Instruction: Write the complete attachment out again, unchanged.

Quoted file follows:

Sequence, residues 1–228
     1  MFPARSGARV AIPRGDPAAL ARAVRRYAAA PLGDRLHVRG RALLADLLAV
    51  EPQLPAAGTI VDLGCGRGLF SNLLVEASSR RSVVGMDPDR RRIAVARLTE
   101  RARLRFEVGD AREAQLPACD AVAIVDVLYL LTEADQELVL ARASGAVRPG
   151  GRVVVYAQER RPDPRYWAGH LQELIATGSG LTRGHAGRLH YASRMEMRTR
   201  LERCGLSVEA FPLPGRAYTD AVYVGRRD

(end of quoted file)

Sequence, residues 1–228
     1  MFPARSGARV AIPRGDPAAL ARAVRRYAAA PLGDRLHVRG RALLADLLAV
    51  EPQLPAAGTI VDLGCGRGLF SNLLVEASSR RSVVGMDPDR RRIAVARLTE
   101  RARLRFEVGD AREAQLPACD AVAIVDVLYL LTEADQELVL ARASGAVRPG
   151  GRVVVYAQER RPDPRYWAGH LQELIATGSG LTRGHAGRLH YASRMEMRTR
   201  LERCGLSVEA FPLPGRAYTD AVYVGRRD